Pre-Ranger course helps top ‘Dragon’ Battalion Soldiers prepare to attend elite school 


BAGHDAD—Staff Sgt. Jeffrey Paluso, left, a squad leader with Company A, 1st “Dragon” Battalion, 63rd Armored Regiment, 2nd Advise and Assist Brigade, 1st Infantry Division, United States Division – Center and a Chapman, Kan., native, leads prospective Ranger School candidates in a physical training and team-building exercise during a Pre-Ranger Course July 21, 2011 at Camp Liberty, Iraq. Four Soldiers with the Dragon Battalion were chosen to attend the 62-day Ranger School, one of the Army’s most demanding courses. (U.S. Army photo by Staff Sgt. Gregory Werthmann, 2nd AAB, 1st Inf. Div., USD-C)

Story by 2nd Lt. Brandon Mulrine, 2nd AAB, 1st Inf. Div., USD-C

BAGHDAD—In order to select and prepare the best candidates to fill a limited number of slots for the Army’s elite Ranger School, 1st “Dragon” Battalion, 63rd Armor Regiment, 2nd Advise and Assist Brigade, 1st Infantry Division, United States Division – Center conducted a Pre-Ranger Course in late July while deployed in support of Operation New Dawn.  

The month-long preparatory and selection course was led by Staff Sgt. Jeffery Paluso, a squad leader with Company A “Aces,” 1st Bn., 63rd Armor Regt. and a Chapman, Kan., native, and Staff Sgt. Gregory Werthmann, the senior targeting noncommissioned officer with 1st Bn., 63rd Armor Regt. and a Seattle native, each of them having recently earned their Ranger tabs, which signify successful completion of Ranger School. They used their experience to select the best candidates while giving them the tools to graduate the notoriously difficult Ranger School.

“The [Pre-Ranger Course] gives the Soldiers of the Dragon Battalion the opportunity to improve on the many skills they will need to complete the actual school,” said Paluso. “These [prospective] Ranger-qualified Soldiers will benefit the battalion even if they aren’t selected, not only by the training they will receive and leadership development, but by their ‘lead by example’ candor and professionalism.”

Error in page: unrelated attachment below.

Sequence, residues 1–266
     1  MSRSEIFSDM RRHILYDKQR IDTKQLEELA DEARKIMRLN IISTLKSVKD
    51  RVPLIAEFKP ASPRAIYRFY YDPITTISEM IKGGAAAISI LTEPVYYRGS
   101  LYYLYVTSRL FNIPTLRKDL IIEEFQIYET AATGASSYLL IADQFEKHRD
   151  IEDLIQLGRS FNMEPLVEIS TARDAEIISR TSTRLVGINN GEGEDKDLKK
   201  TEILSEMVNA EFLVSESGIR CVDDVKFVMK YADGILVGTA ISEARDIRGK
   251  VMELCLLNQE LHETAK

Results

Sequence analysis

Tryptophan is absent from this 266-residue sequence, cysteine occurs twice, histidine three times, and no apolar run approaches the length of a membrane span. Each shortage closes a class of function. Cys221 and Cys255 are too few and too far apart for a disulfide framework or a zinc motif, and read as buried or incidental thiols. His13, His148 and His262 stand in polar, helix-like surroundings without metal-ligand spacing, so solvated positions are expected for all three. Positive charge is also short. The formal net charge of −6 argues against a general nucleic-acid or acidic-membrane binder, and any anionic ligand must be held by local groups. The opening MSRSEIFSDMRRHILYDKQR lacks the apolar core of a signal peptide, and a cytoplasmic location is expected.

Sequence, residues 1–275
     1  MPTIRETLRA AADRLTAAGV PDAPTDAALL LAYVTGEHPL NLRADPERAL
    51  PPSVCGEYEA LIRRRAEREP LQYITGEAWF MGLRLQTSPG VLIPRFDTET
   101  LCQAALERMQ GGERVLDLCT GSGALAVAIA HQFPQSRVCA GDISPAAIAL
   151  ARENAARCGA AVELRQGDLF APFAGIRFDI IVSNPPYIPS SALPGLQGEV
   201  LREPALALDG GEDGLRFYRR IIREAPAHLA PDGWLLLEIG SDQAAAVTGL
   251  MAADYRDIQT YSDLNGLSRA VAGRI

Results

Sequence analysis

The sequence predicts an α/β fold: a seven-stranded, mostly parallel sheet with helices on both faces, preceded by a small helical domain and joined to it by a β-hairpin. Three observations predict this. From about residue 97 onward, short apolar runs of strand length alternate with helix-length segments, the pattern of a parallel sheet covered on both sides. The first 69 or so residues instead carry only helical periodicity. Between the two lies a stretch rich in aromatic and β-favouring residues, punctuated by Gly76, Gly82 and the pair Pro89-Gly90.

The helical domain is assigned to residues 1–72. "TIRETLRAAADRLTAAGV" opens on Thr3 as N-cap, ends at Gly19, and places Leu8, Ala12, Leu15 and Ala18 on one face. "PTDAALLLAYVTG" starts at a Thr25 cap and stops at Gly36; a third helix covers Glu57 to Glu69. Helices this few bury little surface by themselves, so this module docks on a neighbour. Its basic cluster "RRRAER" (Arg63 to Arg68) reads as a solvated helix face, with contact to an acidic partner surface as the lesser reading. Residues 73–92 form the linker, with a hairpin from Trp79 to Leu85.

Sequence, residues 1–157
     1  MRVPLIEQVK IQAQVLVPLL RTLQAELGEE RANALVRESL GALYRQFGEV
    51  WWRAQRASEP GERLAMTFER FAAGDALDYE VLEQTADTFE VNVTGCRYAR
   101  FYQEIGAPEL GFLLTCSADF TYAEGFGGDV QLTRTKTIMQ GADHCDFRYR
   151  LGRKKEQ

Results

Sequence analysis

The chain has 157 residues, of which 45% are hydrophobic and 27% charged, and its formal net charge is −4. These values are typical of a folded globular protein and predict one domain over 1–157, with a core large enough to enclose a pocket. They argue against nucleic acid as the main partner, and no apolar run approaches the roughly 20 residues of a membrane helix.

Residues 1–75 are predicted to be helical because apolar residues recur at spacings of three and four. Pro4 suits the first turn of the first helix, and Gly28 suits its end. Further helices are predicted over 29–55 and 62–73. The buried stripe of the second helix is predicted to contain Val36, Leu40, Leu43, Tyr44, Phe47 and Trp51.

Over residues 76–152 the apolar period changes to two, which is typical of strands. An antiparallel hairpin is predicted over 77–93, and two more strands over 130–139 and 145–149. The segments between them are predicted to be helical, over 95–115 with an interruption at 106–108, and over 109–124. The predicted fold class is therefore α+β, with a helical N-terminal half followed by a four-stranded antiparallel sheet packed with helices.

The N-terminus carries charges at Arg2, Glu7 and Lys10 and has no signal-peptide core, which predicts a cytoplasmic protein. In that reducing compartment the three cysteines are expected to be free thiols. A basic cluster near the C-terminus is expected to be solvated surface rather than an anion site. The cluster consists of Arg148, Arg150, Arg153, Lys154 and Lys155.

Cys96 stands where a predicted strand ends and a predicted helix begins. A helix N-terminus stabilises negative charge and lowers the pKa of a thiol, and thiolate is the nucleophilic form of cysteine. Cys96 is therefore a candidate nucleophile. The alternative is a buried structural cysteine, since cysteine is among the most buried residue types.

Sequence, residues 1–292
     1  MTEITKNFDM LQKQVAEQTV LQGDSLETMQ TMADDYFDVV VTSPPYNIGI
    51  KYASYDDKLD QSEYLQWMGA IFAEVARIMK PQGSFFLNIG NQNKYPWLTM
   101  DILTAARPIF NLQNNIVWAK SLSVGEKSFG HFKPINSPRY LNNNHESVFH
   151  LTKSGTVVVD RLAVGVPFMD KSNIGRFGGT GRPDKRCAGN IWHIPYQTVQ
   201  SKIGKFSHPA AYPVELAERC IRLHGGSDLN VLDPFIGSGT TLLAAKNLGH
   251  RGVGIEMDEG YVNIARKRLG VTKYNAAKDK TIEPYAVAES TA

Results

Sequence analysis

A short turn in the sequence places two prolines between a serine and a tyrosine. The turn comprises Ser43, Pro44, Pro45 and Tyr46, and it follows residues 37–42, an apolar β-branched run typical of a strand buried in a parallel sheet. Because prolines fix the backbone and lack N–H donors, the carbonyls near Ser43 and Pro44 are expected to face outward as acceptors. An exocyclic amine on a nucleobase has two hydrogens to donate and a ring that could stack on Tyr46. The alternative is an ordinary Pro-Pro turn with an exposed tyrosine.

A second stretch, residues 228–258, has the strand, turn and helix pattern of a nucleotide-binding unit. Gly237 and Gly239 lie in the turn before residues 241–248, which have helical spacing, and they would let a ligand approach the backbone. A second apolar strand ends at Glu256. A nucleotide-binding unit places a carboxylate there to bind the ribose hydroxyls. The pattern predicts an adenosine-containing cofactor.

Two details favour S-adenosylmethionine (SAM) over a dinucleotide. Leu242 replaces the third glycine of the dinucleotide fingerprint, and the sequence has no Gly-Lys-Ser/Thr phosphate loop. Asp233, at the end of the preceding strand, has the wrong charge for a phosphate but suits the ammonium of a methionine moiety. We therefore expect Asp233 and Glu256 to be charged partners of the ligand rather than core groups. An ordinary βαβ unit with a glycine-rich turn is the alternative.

The PRC consisted of a wide variety of training events and classroom instruction, but the heart of the program consisted of patrolling simulations and physical challenges upon which they could be graded.

“Our task was to conduct a PRC consisting of a Ranger Physical Fitness Test, a 12-mile foot march, two-mile buddy run, obstacle course, planning bay procedures and basic patrolling procedures,” said Werthmann. “The RPFT is similar to the regular Army test, but is a bit more exacting—in addition to the sit-ups and pushups, the RPFT has a five-mile run and the candidates have to perform some quality pull ups.” 

Some Soldiers found it challenging to work in a PRC while simultaneously conducting a full load of combat operations. Only 30 Soldiers from the Dragon Battalion were able to attend frequently enough to be considered candidates. Also, many of the events had to be repeated in order to afford each willing Soldier an opportunity to attend a training or qualification event they may have missed due to being on a mission.

“It was the hardest part from our perspective,” said Paluso. “Being deployed, everyone’s schedule was tight, and [we] repeated many of our classes to fit everyone’s schedule.”

Seven of the 30 Soldiers would eventually compete in every PRC event. From among them, only four were selected. 

“You learn to exceed your limits there [at Ranger School],” said Werthmann. “The more Ranger-qualified Soldiers we have in the Battalion, the more capable and effective fighting force we will have.”

The four Soldiers will be returning to Ft. Riley early to prepare themselves to attend the 62-day Ranger School. Pass or fail, they will return to the Dragon Battalion better Soldiers from the experience. 

“The opportunity to learn what is required of us at Ranger School was an eye-opener,” said Sgt. Alex Knittel, a team leader with Company A, 1st Bn., 63rd Armor Regt. and a Ft. Lauderdale, Fla., native, “but I feel more confident now in my abilities and am even more excited to join the ranks of Ranger School graduates.”